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Seattle Mayor's Veto Saves Police from Budget-Slashing Bill

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Seattle Mayor Jenny Durkan said Friday she will veto City Council-approved proposals that would include reducing the police department by as many as 100 officers through layoffs and attrition.

The council’s proposals approved last week were strongly opposed by the mayor and Police Chief Carmen Best.

Durkan said in a news conference on Friday that she did not agree with cutting the officers, nor with measures that included a reduction in Best’s roughly $294,000 annual salary and the salaries of other police leaders, as well as a plan to take officers off a team that removes homeless camps.

She also complained that the council had not discussed their plans with her or the police chief before taking action.

“This veto was because the bills as passed did not have the type of collaboration that I think we will have going forward, and that I’m hopeful we will have going forward,” she said.

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“There’s some flaws in each of these [bills] that I hope the council can correct, or with discussions, we can find a path forward together.”

Only council member Kshama Sawant voted against the budget package, saying it did not decrease the police budget enough.

Seattle now has about 1,400 police officers, and the proposed reductions fell far short of the calls from many Black Lives Matter protesters for a 50 percent cut to the department.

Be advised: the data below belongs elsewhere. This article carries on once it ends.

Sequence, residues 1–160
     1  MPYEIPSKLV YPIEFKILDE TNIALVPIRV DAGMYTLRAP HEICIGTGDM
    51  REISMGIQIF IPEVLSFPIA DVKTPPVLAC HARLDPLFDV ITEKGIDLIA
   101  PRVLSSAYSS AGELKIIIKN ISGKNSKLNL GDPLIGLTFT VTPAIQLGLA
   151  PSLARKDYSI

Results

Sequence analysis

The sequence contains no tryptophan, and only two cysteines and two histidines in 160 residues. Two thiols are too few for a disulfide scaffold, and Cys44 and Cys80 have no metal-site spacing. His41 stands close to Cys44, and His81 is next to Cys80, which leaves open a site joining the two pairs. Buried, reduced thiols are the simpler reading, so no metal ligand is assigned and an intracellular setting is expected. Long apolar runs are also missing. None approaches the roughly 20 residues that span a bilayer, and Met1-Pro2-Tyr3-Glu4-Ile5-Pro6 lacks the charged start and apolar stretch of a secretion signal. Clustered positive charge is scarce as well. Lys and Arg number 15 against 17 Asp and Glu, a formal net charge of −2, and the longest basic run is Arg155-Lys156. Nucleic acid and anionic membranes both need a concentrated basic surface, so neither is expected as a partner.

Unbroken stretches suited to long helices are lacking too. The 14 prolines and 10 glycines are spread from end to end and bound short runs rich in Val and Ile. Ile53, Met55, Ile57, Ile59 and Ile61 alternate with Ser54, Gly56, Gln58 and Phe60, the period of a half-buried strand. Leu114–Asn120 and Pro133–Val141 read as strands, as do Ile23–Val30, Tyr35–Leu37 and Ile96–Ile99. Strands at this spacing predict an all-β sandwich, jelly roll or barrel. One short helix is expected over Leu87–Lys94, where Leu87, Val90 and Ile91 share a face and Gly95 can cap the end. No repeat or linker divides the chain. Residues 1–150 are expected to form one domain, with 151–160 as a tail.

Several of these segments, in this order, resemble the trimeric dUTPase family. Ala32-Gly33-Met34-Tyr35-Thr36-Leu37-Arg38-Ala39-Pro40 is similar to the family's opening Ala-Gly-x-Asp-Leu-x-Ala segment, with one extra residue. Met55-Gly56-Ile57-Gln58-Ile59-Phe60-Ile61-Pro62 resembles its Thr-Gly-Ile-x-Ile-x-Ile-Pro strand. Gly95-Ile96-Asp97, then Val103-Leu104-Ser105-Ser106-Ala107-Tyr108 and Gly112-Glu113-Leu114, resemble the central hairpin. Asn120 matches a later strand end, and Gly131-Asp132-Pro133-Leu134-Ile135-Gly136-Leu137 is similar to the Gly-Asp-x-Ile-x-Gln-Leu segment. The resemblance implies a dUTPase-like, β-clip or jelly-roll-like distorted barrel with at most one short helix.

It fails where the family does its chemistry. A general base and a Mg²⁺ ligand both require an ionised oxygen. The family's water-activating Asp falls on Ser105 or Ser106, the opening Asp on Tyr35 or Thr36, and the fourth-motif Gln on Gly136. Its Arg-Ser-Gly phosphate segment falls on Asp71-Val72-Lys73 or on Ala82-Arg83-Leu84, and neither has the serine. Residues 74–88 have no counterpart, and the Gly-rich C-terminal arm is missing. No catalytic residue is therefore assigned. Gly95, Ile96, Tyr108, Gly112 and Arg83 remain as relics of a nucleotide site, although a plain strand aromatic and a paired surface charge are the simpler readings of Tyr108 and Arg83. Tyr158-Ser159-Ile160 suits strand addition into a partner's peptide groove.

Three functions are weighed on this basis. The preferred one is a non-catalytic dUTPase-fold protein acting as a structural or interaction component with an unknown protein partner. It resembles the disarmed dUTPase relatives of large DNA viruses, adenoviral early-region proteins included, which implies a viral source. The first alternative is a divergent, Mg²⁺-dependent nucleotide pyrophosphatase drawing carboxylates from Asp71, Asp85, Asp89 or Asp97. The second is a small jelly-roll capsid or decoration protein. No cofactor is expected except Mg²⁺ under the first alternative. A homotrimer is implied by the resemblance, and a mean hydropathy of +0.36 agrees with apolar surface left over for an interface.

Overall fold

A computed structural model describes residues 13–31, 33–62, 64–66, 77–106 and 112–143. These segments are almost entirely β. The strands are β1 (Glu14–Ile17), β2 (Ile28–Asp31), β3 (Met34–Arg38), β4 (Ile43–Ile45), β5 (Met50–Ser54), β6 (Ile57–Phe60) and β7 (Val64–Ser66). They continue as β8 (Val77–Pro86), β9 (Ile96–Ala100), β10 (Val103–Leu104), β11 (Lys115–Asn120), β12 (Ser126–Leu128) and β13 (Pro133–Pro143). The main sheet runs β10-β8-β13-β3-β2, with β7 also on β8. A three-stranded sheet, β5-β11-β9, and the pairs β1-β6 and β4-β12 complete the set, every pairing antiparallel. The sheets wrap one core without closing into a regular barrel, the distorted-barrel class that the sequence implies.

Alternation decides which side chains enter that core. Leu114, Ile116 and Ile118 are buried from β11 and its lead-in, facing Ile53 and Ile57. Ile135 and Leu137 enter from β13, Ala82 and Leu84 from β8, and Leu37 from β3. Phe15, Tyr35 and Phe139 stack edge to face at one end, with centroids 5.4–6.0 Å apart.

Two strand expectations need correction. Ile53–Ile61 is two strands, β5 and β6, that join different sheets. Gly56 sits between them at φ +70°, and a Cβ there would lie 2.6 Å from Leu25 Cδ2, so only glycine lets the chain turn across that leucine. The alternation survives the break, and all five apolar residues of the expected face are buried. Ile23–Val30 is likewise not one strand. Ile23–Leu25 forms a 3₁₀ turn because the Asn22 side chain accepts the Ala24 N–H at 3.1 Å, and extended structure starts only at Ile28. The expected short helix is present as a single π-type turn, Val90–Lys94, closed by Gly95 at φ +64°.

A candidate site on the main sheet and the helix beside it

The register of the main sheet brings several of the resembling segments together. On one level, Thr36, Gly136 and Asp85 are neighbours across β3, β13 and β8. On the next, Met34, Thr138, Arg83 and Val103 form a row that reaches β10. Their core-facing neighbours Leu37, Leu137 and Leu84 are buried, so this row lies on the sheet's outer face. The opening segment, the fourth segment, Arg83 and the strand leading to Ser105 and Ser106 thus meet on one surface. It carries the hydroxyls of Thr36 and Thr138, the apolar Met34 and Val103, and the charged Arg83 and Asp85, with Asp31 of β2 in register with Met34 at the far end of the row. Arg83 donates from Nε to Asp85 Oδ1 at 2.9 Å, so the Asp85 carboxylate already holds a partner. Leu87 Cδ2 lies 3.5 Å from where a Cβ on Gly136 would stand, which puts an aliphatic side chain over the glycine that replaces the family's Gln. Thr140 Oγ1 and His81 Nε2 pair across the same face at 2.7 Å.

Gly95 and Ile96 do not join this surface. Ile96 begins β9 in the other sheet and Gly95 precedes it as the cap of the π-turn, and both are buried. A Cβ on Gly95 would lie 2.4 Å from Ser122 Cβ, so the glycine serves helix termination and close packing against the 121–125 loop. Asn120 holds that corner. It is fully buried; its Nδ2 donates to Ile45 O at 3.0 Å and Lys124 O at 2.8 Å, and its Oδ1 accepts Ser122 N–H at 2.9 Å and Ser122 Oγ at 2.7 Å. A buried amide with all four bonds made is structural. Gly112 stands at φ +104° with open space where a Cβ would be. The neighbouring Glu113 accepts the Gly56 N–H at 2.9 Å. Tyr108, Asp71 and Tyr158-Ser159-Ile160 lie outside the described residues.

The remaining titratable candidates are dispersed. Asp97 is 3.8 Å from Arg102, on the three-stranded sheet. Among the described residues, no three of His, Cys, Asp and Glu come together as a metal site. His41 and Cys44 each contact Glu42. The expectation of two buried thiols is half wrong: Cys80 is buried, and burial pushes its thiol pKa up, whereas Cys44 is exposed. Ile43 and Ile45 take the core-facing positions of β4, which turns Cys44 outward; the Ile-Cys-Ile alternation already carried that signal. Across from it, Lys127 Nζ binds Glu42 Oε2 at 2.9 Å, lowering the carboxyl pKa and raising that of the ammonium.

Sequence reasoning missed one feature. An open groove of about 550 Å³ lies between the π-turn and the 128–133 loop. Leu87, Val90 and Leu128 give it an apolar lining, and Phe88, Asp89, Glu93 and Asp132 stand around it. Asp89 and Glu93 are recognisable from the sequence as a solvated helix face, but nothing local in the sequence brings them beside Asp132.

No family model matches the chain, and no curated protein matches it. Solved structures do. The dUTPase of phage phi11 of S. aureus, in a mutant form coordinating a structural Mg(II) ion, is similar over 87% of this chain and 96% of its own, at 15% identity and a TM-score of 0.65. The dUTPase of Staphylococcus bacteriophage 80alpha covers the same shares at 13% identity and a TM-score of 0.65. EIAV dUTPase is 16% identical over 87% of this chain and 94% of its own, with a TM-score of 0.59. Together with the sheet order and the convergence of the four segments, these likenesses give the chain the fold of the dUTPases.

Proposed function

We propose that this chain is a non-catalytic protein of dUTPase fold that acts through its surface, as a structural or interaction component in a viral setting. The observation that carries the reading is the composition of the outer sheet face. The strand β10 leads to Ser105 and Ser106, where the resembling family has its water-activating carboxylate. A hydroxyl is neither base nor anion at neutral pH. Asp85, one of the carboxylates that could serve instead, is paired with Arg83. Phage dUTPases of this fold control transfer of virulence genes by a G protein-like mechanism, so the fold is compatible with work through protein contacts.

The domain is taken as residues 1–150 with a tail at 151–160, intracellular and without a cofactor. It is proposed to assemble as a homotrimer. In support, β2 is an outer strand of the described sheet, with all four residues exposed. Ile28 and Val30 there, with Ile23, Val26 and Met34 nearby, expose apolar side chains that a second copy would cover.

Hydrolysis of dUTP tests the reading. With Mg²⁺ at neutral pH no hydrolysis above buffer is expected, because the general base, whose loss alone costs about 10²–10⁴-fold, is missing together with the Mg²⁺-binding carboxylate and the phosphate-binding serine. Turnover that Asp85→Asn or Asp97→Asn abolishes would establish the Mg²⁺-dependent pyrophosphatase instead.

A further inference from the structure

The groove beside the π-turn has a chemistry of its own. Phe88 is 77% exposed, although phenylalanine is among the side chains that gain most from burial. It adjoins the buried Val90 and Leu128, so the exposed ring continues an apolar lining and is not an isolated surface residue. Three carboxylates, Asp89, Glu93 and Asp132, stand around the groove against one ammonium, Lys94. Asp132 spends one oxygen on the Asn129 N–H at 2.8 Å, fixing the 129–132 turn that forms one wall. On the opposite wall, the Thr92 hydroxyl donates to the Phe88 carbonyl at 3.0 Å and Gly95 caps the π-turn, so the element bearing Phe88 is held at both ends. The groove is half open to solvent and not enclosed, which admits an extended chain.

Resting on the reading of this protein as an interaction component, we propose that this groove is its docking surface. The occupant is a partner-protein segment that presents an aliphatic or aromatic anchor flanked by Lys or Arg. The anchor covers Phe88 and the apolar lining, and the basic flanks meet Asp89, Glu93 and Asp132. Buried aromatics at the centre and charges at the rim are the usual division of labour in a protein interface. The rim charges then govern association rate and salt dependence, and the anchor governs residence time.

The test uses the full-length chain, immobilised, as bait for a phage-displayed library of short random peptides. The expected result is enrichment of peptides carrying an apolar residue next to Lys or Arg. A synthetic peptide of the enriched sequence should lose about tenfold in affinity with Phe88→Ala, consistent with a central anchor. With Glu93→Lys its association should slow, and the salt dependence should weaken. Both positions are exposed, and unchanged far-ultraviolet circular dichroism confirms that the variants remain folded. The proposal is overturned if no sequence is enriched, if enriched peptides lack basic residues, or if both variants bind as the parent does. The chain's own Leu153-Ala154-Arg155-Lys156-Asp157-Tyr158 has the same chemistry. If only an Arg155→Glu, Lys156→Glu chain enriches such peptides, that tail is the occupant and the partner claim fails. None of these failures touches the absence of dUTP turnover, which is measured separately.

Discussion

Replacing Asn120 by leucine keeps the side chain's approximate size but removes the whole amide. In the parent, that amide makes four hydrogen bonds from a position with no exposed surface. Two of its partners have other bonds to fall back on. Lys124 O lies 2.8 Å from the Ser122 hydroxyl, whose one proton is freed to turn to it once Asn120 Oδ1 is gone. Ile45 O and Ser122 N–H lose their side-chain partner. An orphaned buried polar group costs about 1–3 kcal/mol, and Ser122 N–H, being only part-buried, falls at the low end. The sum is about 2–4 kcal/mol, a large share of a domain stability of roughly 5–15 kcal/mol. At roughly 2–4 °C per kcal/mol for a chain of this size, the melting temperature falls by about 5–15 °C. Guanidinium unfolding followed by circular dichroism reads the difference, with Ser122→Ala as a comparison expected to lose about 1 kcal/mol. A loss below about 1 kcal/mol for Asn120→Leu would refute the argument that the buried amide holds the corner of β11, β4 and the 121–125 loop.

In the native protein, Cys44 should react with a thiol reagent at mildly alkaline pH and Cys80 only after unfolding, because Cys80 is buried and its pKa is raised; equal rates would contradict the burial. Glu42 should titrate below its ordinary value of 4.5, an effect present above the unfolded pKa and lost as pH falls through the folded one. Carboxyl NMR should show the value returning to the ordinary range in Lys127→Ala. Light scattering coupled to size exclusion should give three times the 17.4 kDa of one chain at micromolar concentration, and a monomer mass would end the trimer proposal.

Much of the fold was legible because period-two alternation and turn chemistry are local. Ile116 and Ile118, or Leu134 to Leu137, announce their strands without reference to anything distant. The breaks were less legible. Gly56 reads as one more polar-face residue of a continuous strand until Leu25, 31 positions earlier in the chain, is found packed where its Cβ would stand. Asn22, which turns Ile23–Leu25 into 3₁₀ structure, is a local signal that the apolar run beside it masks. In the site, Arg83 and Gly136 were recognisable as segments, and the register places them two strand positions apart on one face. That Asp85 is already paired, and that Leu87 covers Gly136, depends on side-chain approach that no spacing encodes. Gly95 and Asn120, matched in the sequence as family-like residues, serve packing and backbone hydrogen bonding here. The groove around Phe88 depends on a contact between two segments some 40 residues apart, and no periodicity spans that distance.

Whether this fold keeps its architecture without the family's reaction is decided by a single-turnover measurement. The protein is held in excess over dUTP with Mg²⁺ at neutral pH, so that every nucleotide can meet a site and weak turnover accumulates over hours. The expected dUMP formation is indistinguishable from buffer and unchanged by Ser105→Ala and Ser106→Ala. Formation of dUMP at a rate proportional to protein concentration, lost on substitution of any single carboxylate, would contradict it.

Hours after the vote, Best announced she would be leaving her post, saying she was OK with her pay cut, but not with having to lay off new officers.

Do you support Mayor Durkan's veto?

Durkan said Friday she has been talking with Council President Lorena González and is optimistic that the council and her office can work out a compromise.

González told The Seattle Times she was “disappointed” by the mayor’s veto decision, but she would work with her on a path forward.

“I have to believe that we agree on more than we disagree, and I will strive to bridge the gap on our few but critical differences of opinion,” González said.

“I hope that the public knows that their elected leaders are committed to working together on achieving a long-overdue transformation of our law enforcement and criminal justice systems that have for far too long perpetuated trauma and harm on our black, brown and indigenous neighbors.”

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The Western Journal has reviewed this Associated Press story and may have altered it prior to publication to ensure that it meets our editorial standards.

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